Animal Forage, Earth Banks, Food Forests, Land, Material, Plant Systems, Rehabilitation, Soil Conservation, Structure, Swales, Terraces — by Jonathan Chan April 19, 2010
During my relatively short time in the Permaculture movement I have only heard Vetiver mentioned a few times. Could it be that this profoundly important pioneer is not getting the attention it deserves? Although commonly and extensively used in permaculture sites in some parts of the world, its uptake in Australia in particular seems to be slow. Why would this be happening? How could a plant with such beneficial qualities be so disregarded? My stay with John Champagne of the Bega Valley, NSW, ingrained the great importance of this plant and introduced me to a few of many possible applications of the grass.
Compost, Fungi, Plant Systems, Rehabilitation, Soil Biology, Soil Composition, Soil Conservation, Structure, Waste Systems & Recycling, Working Animals — by Craig Mackintosh PRI Editor April 8, 2010
A certain truck driver in Asia has discovered the value of good road-hugging (or bridge barrier-hugging, as the case may be) tyres.
But, that’s not the topic of this post. Here, instead, we offer the suggestion of taking well worn tyres not capable of such extreme feats, and putting them to other worthwhile purposes – like feeding your garden with nutrient rich worm casts.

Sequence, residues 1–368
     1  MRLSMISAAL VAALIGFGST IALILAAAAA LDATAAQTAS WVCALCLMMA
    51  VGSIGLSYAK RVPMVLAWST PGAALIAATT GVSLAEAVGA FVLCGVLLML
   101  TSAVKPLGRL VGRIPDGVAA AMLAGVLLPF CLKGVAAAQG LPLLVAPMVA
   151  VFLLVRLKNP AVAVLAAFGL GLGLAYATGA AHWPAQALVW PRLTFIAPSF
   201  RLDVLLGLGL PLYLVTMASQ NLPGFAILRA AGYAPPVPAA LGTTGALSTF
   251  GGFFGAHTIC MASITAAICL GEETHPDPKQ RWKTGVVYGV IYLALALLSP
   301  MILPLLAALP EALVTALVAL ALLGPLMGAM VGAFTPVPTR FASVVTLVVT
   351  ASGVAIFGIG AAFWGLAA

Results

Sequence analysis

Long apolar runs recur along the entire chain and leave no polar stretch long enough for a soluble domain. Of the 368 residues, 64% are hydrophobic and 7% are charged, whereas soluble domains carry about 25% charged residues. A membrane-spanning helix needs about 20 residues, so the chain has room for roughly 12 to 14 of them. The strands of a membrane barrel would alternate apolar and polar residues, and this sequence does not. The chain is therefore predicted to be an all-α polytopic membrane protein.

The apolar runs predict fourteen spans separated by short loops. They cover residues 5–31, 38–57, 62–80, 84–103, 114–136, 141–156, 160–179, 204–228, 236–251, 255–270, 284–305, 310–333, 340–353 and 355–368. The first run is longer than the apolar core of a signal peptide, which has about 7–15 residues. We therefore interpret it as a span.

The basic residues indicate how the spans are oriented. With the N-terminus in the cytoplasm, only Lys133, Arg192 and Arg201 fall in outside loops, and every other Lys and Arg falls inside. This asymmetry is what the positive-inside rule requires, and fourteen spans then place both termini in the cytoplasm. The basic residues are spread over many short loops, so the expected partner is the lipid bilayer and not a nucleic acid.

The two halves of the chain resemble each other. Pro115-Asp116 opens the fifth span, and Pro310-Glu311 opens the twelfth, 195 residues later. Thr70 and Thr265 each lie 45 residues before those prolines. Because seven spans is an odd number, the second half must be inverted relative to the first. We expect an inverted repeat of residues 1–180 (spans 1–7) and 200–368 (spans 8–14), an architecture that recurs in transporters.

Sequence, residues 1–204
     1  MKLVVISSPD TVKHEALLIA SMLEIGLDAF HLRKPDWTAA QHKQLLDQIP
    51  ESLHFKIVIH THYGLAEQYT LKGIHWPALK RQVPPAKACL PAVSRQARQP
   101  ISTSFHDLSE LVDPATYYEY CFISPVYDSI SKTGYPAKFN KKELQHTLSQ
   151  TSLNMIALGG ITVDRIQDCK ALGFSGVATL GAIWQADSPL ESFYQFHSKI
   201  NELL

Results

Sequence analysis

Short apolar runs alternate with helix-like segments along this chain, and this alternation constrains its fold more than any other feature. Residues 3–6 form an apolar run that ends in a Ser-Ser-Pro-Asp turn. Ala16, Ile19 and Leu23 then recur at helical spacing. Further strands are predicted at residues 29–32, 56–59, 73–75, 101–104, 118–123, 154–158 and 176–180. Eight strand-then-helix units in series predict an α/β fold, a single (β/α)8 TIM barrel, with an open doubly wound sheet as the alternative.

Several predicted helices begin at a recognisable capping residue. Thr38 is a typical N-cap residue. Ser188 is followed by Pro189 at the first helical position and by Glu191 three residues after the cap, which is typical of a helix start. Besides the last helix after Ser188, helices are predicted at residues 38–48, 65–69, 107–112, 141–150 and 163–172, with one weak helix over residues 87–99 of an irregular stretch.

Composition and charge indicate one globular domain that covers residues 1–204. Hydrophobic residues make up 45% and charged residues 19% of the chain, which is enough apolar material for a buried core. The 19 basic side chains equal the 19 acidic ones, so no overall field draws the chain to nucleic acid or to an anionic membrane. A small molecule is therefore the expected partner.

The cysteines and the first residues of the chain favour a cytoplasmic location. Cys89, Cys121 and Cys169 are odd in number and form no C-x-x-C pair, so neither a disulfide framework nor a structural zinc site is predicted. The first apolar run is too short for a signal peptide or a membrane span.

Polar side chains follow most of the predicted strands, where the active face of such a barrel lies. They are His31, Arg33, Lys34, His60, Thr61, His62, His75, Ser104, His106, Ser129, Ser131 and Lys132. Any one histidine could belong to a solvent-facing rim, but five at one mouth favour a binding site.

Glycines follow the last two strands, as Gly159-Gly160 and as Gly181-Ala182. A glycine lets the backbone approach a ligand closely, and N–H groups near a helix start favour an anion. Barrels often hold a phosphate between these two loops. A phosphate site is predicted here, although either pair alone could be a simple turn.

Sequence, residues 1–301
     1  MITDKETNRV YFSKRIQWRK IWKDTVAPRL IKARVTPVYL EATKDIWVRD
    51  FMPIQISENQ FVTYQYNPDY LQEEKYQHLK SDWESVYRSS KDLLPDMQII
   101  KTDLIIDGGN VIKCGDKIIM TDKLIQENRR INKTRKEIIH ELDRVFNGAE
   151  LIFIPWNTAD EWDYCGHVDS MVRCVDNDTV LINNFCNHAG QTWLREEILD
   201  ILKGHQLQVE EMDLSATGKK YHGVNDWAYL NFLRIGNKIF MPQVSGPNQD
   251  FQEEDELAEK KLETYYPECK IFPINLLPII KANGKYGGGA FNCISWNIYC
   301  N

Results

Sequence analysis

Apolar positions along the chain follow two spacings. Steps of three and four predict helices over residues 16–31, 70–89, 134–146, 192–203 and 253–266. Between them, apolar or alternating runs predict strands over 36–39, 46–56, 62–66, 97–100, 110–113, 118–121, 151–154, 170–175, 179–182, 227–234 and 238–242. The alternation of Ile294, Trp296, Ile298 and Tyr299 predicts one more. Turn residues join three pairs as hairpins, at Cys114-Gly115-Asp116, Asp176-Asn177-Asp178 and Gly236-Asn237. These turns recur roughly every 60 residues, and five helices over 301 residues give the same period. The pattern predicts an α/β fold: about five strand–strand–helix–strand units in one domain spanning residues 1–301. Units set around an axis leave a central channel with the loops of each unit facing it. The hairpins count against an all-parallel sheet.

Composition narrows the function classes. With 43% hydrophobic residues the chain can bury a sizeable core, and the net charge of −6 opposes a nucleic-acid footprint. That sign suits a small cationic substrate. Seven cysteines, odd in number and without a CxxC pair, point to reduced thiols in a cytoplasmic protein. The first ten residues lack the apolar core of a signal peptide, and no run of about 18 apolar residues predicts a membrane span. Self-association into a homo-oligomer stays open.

At Zaytuna Farm we use a couple of old bathtubs for this purpose, but if you don’t have a bathtub at your disposal, this simple car tyre system (700kb PDF) looks like a great alternative.Comments (7)
Land, News, Regional Water Cycle, Rehabilitation, Salination, Soil Biology, Soil Composition, Soil Conservation, Soil Erosion & Contamination, Structure, Water Harvesting — by Craig Mackintosh PRI Editor March 29, 2010
A couple of weeks ago ABC Rural’s ‘Bush Telegraph’ radio show featured an interview with Dr. Christine Jones about how to deal with the major problem of dryland salinity. Her ‘radical’ thoughts on it prompted a heated response from Mick Fleming, a former principal research scientist with CSIRO Land and Water, who was ‘gobsmacked’ with her ideas, and countered with his own.
Geoff found the discussion of great interest, and ended up being interviewed by Michael Mackenzie of ABC radio on the issue – it makes for a very interesting listen.
Click play below to hear the talk:ABC Talks to Geoff Lawton on Dryland Salinity Comments (7)
Community Projects, Compost, Consumerism, Land, People Systems, Rehabilitation, Society, Soil Conservation, Waste Systems & Recycling — by Brad Lancaster March 24, 2010
A conventional cemetery
When I was little I was terrified of death. I often cried myself to sleep as I thought of the end of life. It seemed so bleak, pointless, and severe.
Mom tried to comfort me with the concept of going to heaven. This did not reassure me at all. “How do you know there is a heaven?” I’d ask. “Have you been there?”Comments (7)
Compost, Courses/Workshops, Demonstration Sites, Education Centres, Food Forests, Food Shortages, Health & Disease, Plant Systems, Rehabilitation, Soil Biology, Soil Conservation, Soil Erosion & Contamination, Structure — by Patrick Blampied March 23, 2010